Disability Activists Want to Stop Jerika Bolen, Teen With Rare Disease, From Ending Her Life

Back in July, 14-year-old Jerika Bolen made headlines for deciding to enter hospice care this September, and forgo using her ventilator – a measure that will ultimately end her life. Bolen, from Wisconsin, was born with spinal muscular atrophy (SMA) type two, a rare disease that causes muscle weakness, trouble breathing and feeding difficulties. With medical interventions, the disease is not fatal, although it is life-threatening.

Now, disability rights advocates are trying to convince the teen, her family and child protective services that Bolan should not be allowed to die. “A child doesn’t have the capacity to make those types of decisions, and under the eyes of the law, this is a child,” Carrie Ann Lucas, executive director of Disabled Parents Rights, told USA Today.

Disability advocates have been trying to dissuade Bolan and her family since her decision went public in July. Others with disabilities have been sending letters to her via the Letters for Jerika campaign, which seeks to inform Bolan that a life with a disability is a life worth living.

In previous interviews, Bolan, whose movement is limited to her head and hands, said she lives in constant pain. The teen added that she is afraid of continuing her life in pain and any further medical interventions she may require.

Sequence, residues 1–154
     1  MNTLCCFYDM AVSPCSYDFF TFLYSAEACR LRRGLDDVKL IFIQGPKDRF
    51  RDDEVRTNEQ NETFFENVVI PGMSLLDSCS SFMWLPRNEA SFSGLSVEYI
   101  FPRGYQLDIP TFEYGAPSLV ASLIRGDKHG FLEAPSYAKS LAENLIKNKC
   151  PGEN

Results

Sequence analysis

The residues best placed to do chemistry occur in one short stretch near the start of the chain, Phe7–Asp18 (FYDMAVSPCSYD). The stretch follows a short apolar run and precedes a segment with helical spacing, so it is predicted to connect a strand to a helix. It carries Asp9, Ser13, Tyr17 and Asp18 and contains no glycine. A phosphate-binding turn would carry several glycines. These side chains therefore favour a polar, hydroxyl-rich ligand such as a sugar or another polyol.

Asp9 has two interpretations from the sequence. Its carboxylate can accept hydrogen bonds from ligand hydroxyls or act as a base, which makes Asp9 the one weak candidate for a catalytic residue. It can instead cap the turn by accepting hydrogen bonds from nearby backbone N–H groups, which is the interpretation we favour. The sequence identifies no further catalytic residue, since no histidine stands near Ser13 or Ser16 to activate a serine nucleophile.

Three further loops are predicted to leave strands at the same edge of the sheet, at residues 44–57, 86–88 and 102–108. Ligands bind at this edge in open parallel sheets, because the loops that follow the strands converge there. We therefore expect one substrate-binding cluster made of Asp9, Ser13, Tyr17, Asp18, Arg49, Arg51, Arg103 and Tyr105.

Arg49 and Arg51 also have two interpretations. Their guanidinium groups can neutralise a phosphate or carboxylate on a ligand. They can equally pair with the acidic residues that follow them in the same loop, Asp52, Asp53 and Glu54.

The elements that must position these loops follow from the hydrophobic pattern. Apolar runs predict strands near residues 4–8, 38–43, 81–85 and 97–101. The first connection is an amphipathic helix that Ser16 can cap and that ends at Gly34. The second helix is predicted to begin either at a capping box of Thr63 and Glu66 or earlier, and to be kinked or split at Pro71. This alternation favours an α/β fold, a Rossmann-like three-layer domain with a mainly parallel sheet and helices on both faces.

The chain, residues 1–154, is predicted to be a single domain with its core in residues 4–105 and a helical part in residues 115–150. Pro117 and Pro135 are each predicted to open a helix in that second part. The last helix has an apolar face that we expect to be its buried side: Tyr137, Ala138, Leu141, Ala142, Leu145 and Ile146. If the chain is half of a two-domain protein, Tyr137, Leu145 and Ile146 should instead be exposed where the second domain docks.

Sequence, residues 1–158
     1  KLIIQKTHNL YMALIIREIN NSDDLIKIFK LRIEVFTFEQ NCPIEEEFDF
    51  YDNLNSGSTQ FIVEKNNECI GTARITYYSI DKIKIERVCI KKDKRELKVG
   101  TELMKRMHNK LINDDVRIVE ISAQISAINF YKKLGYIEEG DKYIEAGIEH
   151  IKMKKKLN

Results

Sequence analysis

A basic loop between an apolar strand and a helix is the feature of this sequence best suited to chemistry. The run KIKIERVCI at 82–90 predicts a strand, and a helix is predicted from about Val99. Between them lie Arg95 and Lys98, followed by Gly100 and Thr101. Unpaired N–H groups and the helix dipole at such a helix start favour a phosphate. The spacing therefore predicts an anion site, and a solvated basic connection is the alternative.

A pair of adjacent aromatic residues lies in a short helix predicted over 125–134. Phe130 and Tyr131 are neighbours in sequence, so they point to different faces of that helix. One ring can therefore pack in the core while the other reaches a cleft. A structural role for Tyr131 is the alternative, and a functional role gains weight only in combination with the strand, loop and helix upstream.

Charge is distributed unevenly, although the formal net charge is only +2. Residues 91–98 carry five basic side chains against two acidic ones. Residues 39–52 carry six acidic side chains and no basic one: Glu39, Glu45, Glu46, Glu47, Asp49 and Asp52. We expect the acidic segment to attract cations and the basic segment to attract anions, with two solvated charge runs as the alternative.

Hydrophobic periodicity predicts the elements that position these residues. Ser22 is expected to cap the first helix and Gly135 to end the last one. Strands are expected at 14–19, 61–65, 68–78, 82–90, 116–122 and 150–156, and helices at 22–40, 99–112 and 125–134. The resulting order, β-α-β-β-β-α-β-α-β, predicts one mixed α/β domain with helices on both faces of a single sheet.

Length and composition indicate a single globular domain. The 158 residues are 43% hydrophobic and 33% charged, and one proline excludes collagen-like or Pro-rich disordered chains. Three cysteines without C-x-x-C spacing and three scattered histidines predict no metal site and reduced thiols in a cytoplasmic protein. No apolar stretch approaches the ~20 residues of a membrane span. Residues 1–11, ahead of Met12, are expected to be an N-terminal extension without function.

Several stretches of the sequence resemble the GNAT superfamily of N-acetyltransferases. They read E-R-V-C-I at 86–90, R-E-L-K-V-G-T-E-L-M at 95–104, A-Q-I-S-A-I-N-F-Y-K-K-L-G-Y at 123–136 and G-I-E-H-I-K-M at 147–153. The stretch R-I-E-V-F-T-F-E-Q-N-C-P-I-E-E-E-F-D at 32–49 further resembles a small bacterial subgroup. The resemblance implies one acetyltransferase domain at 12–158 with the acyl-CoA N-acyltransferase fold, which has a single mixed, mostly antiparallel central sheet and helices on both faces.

In addition to asking child protective services to intervene, advocates are asking Bolan to seek counseling. “Any other teen wishing to die receives suicide prevention, not suicide assistance,” Disabled Parents Rights group shared on its Facebook page. “If child protection is not involved in Ms. Bolen’s situation, despite statute and caselaw that is clear that it is unlawful for children to terminate medical treatment, she is a victim of disability discrimination in addition to the medical neglect.”

On Tuesday, Bolan’s mother, Jen Bolan, asked for privacy and declined to comment any further about her daughter’s care.

Photo Credit: GoFundMe

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